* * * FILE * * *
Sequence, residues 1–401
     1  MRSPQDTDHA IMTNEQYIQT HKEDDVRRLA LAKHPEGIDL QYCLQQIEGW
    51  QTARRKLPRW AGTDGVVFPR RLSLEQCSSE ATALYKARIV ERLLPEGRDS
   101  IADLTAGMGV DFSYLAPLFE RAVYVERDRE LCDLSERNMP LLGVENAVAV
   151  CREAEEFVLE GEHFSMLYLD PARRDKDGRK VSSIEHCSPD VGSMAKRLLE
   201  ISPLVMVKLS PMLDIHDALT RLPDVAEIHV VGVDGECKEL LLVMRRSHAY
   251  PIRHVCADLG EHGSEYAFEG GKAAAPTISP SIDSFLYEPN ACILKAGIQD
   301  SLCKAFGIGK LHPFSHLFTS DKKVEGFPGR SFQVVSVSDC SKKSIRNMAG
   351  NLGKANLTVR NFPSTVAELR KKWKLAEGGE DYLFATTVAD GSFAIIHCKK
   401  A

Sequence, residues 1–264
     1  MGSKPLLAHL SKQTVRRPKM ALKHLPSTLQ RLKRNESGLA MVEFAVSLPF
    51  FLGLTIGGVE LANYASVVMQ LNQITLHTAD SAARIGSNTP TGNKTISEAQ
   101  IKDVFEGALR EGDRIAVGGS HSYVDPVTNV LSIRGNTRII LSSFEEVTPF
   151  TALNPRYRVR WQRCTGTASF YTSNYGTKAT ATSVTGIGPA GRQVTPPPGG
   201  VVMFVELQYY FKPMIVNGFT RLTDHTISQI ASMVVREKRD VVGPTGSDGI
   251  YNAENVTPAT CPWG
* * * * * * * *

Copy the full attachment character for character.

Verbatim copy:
Sequence, residues 1–401
     1  MRSPQDTDHA IMTNEQYIQT HKEDDVRRLA LAKHPEGIDL QYCLQQIEGW
    51  QTARRKLPRW AGTDGVVFPR RLSLEQCSSE ATALYKARIV ERLLPEGRDS
   101  IADLTAGMGV DFSYLAPLFE RAVYVERDRE LCDLSERNMP LLGVENAVAV
   151  CREAEEFVLE GEHFSMLYLD PARRDKDGRK VSSIEHCSPD VGSMAKRLLE
   201  ISPLVMVKLS PMLDIHDALT RLPDVAEIHV VGVDGECKEL LLVMRRSHAY
   251  PIRHVCADLG EHGSEYAFEG GKAAAPTISP SIDSFLYEPN ACILKAGIQD
   301  SLCKAFGIGK LHPFSHLFTS DKKVEGFPGR SFQVVSVSDC SKKSIRNMAG
   351  NLGKANLTVR NFPSTVAELR KKWKLAEGGE DYLFATTVAD GSFAIIHCKK
   401  A

Sequence, residues 1–264
     1  MGSKPLLAHL SKQTVRRPKM ALKHLPSTLQ RLKRNESGLA MVEFAVSLPF
    51  FLGLTIGGVE LANYASVVMQ LNQITLHTAD SAARIGSNTP TGNKTISEAQ
   101  IKDVFEGALR EGDRIAVGGS HSYVDPVTNV LSIRGNTRII LSSFEEVTPF
   151  TALNPRYRVR WQRCTGTASF YTSNYGTKAT ATSVTGIGPA GRQVTPPPGG
   201  VVMFVELQYY FKPMIVNGFT RLTDHTISQI ASMVVREKRD VVGPTGSDGI
   251  YNAENVTPAT CPWG